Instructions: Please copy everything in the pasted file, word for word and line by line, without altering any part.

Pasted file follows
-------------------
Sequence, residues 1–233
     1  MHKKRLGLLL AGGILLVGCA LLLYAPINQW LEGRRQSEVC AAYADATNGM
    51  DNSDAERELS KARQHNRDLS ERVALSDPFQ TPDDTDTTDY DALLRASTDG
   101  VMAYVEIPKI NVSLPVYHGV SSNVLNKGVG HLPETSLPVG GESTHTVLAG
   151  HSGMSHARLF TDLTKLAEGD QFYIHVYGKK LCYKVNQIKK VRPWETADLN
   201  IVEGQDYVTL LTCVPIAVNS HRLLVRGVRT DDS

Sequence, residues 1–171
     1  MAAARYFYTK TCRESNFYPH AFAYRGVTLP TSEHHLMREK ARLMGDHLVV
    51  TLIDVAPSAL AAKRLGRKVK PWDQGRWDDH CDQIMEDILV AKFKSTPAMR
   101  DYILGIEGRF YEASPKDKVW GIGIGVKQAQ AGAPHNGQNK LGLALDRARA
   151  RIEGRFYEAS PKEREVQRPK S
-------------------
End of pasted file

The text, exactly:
Sequence, residues 1–233
     1  MHKKRLGLLL AGGILLVGCA LLLYAPINQW LEGRRQSEVC AAYADATNGM
    51  DNSDAERELS KARQHNRDLS ERVALSDPFQ TPDDTDTTDY DALLRASTDG
   101  VMAYVEIPKI NVSLPVYHGV SSNVLNKGVG HLPETSLPVG GESTHTVLAG
   151  HSGMSHARLF TDLTKLAEGD QFYIHVYGKK LCYKVNQIKK VRPWETADLN
   201  IVEGQDYVTL LTCVPIAVNS HRLLVRGVRT DDS

Sequence, residues 1–171
     1  MAAARYFYTK TCRESNFYPH AFAYRGVTLP TSEHHLMREK ARLMGDHLVV
    51  TLIDVAPSAL AAKRLGRKVK PWDQGRWDDH CDQIMEDILV AKFKSTPAMR
   101  DYILGIEGRF YEASPKDKVW GIGIGVKQAQ AGAPHNGQNK LGLALDRARA
   151  RIEGRFYEAS PKEREVQRPK S